This isn’t easy for me to say (or write, to be technical), but I’m close-minded when it comes to reading.
I first fell in love with reading when I was 17, and some of the first books I read once I was under reading’s spell were complex and dense tomes like Crime and Punishment or works that have received heaps of critical praise for being literary, such as Catch-22 and Animal Farm.
Not that I’m equating my writing style or quality with that of Orwell, Heller, or—gasp—Dostoevsky, but I believe I’ve taken much of what I’ve read from them and authors like them and put it into my own short stories and novel drafts. My Twitter bio is pretty upfront about this as well: “Literary fiction reader + writer,” it says.
Which brings me to the question: as a reader, should you make an effort to read not just a variety of authors, but also a range of genres? I learned the hard way that reading too much of one author can be a bad idea. I spent January of 2018 dousing myself in the works of William Faulkner, to the point where every sentence I wrote in my own short stories and half-baked novels ran on and on . . . and on, and there were more italicized words than non-italicized words on the page.
But what about getting a panorama of styles in front of your eyes when you read?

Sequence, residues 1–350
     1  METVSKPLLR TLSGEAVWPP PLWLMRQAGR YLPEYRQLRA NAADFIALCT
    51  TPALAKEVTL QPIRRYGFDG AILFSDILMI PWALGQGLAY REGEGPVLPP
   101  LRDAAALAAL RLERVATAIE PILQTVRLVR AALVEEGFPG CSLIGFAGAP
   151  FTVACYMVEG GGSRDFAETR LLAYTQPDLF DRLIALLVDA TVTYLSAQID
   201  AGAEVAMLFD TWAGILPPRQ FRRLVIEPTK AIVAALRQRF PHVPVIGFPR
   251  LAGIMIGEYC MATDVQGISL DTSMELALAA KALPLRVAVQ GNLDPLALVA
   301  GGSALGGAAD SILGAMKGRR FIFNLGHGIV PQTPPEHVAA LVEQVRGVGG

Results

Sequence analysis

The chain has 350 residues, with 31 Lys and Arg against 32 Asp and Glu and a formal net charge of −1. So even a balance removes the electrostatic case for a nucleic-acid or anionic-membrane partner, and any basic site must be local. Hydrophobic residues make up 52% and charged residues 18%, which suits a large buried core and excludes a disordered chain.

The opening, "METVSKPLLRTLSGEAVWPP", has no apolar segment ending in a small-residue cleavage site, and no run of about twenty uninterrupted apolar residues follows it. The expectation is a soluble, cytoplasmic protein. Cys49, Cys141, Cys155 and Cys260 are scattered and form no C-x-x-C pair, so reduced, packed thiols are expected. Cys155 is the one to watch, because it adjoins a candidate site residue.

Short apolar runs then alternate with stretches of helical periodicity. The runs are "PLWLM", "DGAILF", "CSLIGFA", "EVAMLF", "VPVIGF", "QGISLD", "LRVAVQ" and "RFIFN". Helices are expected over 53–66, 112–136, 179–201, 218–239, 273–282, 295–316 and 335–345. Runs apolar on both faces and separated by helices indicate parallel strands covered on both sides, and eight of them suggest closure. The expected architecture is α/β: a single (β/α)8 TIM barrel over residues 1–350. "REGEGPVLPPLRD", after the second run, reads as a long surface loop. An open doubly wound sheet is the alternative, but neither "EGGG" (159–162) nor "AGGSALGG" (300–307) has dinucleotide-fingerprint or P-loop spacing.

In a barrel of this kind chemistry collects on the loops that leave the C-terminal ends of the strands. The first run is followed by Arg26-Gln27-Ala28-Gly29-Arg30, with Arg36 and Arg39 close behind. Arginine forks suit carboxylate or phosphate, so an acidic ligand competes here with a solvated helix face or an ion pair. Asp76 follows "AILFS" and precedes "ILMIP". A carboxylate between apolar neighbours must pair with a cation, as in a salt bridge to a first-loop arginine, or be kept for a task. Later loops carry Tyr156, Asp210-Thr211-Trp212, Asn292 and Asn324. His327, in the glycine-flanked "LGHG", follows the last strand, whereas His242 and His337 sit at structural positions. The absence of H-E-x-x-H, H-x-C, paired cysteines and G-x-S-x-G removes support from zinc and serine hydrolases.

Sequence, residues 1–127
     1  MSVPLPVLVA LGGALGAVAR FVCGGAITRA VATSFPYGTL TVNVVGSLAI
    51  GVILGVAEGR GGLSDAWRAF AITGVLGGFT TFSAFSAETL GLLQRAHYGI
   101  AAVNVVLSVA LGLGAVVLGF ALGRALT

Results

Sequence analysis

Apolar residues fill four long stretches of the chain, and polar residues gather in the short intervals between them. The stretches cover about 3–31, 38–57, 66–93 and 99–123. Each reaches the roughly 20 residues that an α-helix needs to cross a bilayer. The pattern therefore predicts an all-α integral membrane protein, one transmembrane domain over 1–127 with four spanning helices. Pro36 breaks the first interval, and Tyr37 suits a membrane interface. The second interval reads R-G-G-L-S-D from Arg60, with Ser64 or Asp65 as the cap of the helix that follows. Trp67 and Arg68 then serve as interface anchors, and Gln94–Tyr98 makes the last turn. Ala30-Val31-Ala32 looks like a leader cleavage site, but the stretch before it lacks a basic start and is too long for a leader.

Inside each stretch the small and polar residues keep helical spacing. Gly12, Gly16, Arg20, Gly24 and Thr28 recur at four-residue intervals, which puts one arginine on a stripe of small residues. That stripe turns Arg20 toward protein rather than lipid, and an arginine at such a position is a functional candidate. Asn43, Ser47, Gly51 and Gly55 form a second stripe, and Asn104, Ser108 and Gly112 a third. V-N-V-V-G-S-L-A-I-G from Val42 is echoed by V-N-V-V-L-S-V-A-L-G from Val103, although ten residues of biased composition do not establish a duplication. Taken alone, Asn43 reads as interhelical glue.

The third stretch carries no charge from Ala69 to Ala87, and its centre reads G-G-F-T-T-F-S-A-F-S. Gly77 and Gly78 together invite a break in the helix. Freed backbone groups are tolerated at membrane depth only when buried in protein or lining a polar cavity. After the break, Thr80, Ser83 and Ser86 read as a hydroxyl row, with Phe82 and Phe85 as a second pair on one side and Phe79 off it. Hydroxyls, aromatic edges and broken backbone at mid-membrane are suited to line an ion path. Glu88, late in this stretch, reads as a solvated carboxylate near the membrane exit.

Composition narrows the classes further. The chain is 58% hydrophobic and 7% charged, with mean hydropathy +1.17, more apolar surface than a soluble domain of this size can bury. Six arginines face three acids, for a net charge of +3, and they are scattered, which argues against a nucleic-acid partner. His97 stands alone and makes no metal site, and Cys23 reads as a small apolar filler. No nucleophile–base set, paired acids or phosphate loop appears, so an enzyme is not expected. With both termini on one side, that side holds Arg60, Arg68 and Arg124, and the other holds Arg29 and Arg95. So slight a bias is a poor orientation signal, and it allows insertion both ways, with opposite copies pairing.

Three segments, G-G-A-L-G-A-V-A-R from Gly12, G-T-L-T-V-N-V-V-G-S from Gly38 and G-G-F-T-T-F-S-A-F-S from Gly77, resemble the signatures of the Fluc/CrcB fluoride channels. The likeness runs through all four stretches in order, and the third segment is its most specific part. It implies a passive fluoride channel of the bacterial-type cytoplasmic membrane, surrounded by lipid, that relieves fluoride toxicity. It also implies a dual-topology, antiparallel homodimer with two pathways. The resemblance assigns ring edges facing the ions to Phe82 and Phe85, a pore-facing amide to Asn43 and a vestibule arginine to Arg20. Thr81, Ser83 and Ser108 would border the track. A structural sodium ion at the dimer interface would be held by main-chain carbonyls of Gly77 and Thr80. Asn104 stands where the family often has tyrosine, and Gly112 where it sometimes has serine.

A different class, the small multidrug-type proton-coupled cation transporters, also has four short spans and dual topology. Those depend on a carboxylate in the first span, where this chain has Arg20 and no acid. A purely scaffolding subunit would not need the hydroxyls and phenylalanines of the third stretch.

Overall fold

It hasn’t been easy, but I’ve made some forays into works that wouldn’t be considered strictly literary fiction, and the results have been pretty amazing. While I don’t think it’s possible to read too much literary fiction (it better not be, or else I’m never going to be a successful writer), I learned that my close-minded reading habits were limiting my writing horizons. You don’t have to be a creative writing to come to this conclusion; you’ll probably reach it on your own just by realizing how much you could broaden your enjoyment of reading by going to other genres.
I’ve since come to the view that as long as it’s a well-told story, it’s a good story. Reading the sci-fi classic The Hitchhiker’s Guide to the Galaxy by Douglas Adams last November expanded my reading (and writing) horizons, so to speak, because until then I didn’t realize that a great tale could come from intergalactic voyages and the number 42.
Your reading niche could be elsewhere than literary fiction—in fact, I’d hazard to guess that it is. But the same principles apply. If you’re into crime fiction, you could make an easy hop over to nonfiction (literary nonfiction, I’d argue) with Truman Capote’s fantastic true-crime account In Cold Blood. Or if you can’t get enough of historical romance, I’d say that Jane Austen’s novels are the perfect fit if you’re on the hunt for classical works.
Of course, the great thing is that you can go vice-versa with this. A Jane Austen fan could get into historical romances, and a devotee of In Cold Blood should have some great fun with crime fiction titles.
The big takeaway here is that you shouldn’t be close-minded with reading. While having a favorite or preferred genre is certainly okay by me, being open to other types of narratives is a valuable quality for a reader, especially an up-and-coming reader, to have. I should know, since I’ve learned the hard way.